Up to the end of the First World War there were pigs in the piggeries outside where the small ground floor rooms have now been added. They included a large quantity of iron work, which was removed in 1940 together with the beautiful wrought iron gates at the foot of the drive, to aid the war effort.

The rose garden was my uncle’s special pride. Here again he liked to pick his own blooms and snip off dead-heads in the leisured hour or two between tea and dinner.

As long as I can remember my parents went to Sykefield early in August to play tennis, eat peaches, and my father, to ride. At that time there was a paddock where the poplar trees form a boundary with the houses backing on the garden. My first visit was not until my mid-teens when I was judged mature enough to come down to dinner in the evening.

It was nine o clock or thereabouts when we retired to the library for coffee and liqueurs. I was allowed one small cup of weak coffee (no liqueur!) and then Elizabeth came to the door and called me by name. I was bidden to rise instantly, say goodnight, and expected to follow her upstairs.

At that time (the late twenties) Sykefield was lit by gas and candles only. It was with candles that latterly my uncle would see me to my room, the first on the right at the top of the stairs, known as the “Blue Room”.

The telephone made a late entry into Sykefield – it was installed in the Library. I recall being reprimanded for seeking to answer a call and being told “If you are required you will be sent for, such urgency demonstrates a vulgar curiosity.”

Looking back with detachment, life at Sykefield was before all things ordered and peaceful. There was never any uncertainty. The times of rising and retiring, the meal times were fixed immutably. If changes were made, they were announced well in advance. Sunday lunch-time was occasionally moved because Cook needed to get a particular ‘bus to Nottingham for an afternoon off. Dinner in summer was half an hour later to allow more time for tennis.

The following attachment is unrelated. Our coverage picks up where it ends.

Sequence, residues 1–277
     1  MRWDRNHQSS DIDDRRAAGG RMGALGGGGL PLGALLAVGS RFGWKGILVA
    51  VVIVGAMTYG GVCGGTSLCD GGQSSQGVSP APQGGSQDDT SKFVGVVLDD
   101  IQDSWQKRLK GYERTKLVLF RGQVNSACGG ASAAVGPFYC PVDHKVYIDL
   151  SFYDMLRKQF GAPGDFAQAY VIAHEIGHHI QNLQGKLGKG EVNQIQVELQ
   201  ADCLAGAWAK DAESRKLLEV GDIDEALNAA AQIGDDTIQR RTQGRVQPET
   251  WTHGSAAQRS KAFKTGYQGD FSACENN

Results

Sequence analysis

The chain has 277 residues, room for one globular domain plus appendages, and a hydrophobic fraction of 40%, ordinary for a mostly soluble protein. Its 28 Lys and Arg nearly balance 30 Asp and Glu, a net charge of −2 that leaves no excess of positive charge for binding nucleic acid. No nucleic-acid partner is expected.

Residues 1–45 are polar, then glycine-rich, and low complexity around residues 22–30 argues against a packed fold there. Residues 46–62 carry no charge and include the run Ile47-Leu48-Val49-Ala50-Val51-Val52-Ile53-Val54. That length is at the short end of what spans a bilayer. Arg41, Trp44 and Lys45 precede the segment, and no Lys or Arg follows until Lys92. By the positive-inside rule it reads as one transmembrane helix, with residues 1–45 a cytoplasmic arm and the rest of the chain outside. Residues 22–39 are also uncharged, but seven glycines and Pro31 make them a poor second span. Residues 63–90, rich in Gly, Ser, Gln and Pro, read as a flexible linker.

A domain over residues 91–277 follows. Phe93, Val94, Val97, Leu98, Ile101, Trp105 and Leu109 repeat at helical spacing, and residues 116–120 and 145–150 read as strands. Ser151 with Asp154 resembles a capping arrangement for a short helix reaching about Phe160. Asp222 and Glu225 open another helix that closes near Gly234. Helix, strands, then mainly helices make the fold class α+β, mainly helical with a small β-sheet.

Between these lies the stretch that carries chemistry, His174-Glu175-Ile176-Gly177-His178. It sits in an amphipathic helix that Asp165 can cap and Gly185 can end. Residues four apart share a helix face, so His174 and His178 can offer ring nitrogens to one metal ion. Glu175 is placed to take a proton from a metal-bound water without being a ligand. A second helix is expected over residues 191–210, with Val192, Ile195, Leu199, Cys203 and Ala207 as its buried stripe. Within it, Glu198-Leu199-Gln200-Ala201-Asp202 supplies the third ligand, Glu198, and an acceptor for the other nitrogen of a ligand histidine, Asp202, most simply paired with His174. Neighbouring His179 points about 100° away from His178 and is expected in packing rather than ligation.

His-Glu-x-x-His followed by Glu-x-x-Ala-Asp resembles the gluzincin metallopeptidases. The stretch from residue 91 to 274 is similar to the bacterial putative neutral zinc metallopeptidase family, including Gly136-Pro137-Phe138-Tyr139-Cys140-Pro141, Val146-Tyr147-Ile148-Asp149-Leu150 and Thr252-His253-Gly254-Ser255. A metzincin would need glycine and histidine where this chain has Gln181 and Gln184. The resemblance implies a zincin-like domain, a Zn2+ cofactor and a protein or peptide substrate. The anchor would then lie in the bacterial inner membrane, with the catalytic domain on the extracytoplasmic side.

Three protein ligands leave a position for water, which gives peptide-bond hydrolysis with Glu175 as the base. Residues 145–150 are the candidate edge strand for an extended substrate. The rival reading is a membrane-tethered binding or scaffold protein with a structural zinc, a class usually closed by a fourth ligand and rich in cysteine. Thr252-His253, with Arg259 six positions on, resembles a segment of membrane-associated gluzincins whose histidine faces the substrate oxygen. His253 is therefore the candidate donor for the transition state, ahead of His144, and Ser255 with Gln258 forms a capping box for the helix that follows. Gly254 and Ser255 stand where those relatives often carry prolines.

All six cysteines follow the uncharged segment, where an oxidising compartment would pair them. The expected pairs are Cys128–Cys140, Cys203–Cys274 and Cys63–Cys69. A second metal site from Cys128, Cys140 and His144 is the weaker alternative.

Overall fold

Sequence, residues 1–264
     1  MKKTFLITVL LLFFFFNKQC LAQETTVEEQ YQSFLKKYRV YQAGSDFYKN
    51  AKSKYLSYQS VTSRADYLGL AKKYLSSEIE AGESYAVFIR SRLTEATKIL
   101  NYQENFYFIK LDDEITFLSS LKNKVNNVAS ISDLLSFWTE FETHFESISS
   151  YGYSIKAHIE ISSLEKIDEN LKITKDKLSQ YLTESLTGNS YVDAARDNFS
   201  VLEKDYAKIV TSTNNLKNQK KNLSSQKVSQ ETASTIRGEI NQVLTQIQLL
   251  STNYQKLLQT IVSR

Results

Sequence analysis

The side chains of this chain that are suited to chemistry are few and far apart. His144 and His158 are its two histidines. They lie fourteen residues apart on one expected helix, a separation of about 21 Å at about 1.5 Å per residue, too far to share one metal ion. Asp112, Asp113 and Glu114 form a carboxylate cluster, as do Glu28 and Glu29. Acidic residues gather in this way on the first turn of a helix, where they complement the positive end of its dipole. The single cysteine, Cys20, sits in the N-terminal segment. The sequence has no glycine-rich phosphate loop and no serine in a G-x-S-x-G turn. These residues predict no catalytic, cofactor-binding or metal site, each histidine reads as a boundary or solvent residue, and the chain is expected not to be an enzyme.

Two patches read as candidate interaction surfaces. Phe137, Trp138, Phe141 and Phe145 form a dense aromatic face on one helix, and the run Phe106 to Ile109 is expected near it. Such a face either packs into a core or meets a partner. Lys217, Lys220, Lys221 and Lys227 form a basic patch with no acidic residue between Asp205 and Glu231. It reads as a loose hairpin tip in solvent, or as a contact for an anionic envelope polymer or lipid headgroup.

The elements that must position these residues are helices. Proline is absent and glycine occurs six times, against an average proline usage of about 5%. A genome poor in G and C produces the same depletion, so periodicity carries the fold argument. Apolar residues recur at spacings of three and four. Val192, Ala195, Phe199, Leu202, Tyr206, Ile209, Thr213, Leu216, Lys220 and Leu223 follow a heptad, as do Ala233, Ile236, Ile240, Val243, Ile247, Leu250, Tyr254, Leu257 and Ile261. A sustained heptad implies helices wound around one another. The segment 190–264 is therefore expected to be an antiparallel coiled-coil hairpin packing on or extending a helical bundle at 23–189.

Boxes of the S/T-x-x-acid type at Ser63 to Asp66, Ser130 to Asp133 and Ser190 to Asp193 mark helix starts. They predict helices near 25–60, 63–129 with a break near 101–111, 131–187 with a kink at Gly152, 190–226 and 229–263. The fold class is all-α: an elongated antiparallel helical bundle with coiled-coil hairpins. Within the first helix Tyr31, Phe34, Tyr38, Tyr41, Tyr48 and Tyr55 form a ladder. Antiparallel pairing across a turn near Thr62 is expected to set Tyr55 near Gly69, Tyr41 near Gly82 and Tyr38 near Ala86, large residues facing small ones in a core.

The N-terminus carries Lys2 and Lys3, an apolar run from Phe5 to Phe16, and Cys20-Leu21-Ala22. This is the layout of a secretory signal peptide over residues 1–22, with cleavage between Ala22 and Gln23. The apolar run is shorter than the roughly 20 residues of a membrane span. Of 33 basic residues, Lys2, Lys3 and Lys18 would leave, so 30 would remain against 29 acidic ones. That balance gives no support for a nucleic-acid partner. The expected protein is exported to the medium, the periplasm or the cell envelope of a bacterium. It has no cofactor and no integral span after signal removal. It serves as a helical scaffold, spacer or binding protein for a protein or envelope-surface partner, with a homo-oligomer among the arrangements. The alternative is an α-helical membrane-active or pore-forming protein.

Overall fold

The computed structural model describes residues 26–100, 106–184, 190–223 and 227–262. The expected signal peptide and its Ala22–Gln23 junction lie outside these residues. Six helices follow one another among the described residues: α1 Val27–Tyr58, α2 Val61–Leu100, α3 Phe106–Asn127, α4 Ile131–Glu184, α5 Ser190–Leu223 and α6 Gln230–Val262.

Comparatively late on in his life my uncle acquired a ‘wireless’ or, as we now call it, a radio. He woke from his siesta to listen to the Bournemouth concerts in mid-afternoon on Sunday, and followed ‘Evensong’ with a prayer book long after his neuritis made it too painful for him to sit through a church service.

One night a week in winter he changed his dinner hour, to the undisguised amusement of his domestic staff to whom he had confessed a partiality for “Gert and Daisy”, the comic chorus girls. Familiar as he was with the Music Halls of the nineties, they recalled his youth. “Fancy, Miss”, a housemaid said to me, “the Master likes Gert and Daisy!” My mother was not surprised.

In those days “The Week’s Good Cause” was always on a Sunday evening after the Service. From the time he had a radio he also listened to that programme with unfailing regularity and, with equal regularity (unless on a rare occasion he disapproved of “the cause”) he contributed most generously to it.

One summer his sight was threatened and he had, on doctor’s orders, to give up smoking. His sight was, in fact, so badly affected that his reading and writing were very restricted. It was that year that he called on me to write out the cheques in response to the appeals – duly signing them himself. Posted early on Monday morning, he expected an acknowledgement by Thursday at least. If this did not arrive, I was instructed to write and ask if his donation had arrived, and if he did not hear from them by a certain date, he would stop payment on his cheque.

My uncle died in 1950 at Sykefield, and I am sure he would approve of it now being used for social needs in the community.

This commentary on life at Sykefield was provided by Miss Mary G C Neilson, grand-daughter of Samuel Harris of The Grange, and a niece of Frederick William Harris, now living in Edinburgh.

© T R Plant, 1990